A Perhaps – this one is still open to debate. An Ofgem report in 2011 claimed there was “some evidence that customer energy bills respond more rapidly to rising supplier costs compared with falling costs” yet said the range of possible reasons meant that “the implication for consumer harm is not clear cut.”
Q I hear you, but sometimes my bills just shoot up. I have the copies to prove it!
So why does this happen?
A While energy costs in the UK, including taxes, are fairly low, they can be more volatile than in many peer countries. For example, in fiscal year 2010-11 UK electricity prices jumped 11.2 per cent – excluding taxes. This was among the highest price hikes in the EU, excepting Spain where prices rose nearly 14 per cent.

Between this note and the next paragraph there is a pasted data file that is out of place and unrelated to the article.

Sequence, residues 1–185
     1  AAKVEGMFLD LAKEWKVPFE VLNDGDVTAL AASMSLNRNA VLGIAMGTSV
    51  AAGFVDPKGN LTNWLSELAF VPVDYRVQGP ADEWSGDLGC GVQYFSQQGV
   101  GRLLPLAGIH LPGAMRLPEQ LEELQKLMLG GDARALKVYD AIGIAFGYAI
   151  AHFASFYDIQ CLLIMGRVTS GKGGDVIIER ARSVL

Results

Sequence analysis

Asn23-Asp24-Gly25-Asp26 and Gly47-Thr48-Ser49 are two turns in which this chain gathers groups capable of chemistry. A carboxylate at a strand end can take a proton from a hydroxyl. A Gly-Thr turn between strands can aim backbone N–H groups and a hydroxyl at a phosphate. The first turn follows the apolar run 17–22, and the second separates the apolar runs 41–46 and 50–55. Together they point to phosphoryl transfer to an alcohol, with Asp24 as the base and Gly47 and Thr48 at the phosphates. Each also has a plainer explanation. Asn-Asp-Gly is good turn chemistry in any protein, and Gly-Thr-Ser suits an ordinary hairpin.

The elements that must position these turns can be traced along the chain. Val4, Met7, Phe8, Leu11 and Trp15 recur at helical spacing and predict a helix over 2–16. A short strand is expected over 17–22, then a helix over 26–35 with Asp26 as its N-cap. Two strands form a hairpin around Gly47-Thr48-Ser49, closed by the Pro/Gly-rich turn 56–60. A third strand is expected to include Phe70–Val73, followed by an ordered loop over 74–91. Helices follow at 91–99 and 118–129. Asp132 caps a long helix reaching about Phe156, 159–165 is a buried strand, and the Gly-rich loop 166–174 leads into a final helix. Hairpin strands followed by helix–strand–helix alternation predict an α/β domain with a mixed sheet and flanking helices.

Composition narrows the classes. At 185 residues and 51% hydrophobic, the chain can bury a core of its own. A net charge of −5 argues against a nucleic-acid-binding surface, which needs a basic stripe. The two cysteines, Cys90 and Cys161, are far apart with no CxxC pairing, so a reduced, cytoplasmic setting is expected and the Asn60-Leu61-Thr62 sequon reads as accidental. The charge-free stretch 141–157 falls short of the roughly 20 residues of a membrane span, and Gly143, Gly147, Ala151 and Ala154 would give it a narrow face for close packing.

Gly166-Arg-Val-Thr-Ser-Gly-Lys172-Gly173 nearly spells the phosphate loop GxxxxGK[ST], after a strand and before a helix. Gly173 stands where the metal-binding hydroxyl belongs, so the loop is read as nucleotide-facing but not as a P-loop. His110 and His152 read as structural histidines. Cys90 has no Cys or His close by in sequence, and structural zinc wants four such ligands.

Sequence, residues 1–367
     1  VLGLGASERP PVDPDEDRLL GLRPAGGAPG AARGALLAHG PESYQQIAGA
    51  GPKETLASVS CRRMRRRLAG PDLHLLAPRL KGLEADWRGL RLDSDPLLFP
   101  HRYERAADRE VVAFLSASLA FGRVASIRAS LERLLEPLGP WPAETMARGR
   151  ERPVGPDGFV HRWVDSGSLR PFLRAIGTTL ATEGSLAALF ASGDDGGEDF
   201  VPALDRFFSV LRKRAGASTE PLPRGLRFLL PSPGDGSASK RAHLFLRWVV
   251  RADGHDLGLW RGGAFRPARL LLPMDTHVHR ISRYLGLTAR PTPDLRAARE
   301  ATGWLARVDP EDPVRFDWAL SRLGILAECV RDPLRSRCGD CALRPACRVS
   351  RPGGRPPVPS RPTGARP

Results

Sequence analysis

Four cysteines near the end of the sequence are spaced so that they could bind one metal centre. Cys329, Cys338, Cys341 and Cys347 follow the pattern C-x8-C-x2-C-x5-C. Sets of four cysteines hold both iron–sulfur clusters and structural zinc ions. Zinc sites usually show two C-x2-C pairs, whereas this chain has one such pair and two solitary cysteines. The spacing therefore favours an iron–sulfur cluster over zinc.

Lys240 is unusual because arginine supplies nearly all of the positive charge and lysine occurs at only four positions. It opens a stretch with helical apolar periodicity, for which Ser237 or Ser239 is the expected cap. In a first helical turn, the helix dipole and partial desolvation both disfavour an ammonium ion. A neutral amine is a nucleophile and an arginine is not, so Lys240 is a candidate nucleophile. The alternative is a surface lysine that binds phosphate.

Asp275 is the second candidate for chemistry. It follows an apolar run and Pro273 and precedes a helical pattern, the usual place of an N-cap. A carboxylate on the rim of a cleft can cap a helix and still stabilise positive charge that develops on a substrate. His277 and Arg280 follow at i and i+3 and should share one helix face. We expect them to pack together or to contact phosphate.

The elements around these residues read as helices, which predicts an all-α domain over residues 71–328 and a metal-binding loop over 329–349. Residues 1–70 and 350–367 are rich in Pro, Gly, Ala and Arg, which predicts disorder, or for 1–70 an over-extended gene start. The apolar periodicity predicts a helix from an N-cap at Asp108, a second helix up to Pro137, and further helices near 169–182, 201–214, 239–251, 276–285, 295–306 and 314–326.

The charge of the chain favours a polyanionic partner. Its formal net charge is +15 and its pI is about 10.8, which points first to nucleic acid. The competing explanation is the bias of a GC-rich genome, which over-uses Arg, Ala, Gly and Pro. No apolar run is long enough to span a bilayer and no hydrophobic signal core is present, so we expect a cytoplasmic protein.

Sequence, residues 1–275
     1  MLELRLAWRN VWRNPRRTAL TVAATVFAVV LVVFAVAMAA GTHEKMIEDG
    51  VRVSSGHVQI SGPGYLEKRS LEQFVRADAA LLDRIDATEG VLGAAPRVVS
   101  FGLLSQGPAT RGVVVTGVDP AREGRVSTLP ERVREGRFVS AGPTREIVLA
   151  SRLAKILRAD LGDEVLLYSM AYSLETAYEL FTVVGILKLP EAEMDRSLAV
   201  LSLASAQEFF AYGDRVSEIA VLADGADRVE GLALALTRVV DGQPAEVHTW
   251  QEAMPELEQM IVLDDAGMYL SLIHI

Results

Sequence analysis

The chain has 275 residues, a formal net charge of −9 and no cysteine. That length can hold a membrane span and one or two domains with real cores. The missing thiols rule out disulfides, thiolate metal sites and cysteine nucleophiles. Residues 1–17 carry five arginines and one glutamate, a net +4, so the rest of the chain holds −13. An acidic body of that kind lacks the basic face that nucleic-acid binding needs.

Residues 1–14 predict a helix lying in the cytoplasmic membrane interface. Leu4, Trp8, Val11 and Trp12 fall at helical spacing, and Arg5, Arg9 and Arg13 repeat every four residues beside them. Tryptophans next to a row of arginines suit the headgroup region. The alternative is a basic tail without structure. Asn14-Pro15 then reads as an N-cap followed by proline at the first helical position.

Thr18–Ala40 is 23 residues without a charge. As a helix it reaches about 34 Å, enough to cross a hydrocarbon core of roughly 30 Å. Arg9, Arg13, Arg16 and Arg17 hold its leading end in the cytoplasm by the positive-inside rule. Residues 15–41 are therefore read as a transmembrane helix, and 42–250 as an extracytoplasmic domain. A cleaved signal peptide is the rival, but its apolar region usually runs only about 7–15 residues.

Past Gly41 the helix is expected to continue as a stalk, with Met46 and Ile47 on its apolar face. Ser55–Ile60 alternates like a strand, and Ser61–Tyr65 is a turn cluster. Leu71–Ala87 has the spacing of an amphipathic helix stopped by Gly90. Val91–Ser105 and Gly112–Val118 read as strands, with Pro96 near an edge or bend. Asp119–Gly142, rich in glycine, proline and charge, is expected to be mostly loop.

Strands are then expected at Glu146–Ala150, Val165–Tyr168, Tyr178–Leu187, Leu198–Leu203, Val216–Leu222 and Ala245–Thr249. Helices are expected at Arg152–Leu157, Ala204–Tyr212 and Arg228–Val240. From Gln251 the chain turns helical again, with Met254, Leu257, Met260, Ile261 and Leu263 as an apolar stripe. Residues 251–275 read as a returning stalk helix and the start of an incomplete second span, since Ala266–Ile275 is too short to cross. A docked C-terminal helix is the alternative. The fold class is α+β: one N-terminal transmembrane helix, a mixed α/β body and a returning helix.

Q So they’re getting more expensive? Is this why Ed Miliband’s speaking up now?
A Well they haven’t been getting more expensive if you look over several years. In the 10 years to 2012, UK electricity prices went from 7.09p per kilowatt hour (kWh) to 13.9p per kWh. The EU15 and G7 median went from 8.6p/kWh to 16.2p/kWh. UK prices may be more affected by wholesale costs, but those can drop as well as rise.
via Q and A: What determines our gas and electricity bills? | City A.M..
In 2009, two of the UK’s largest energy companies, EDF Energy and British Energy, came together in a merger worth over £12 billion.
Under the name of EDF Energy, the two firms now produce around a quarter of the UK’s electricity, employing nearly 20,000 people across the country and supplying gas and electricity to 5.5 million businesses and homes.
Gilles Chauveau was chief operating officer of EDF Energy at the time. When he looked at the IT organisation of the combined company, he saw the need for a drastic overhaul.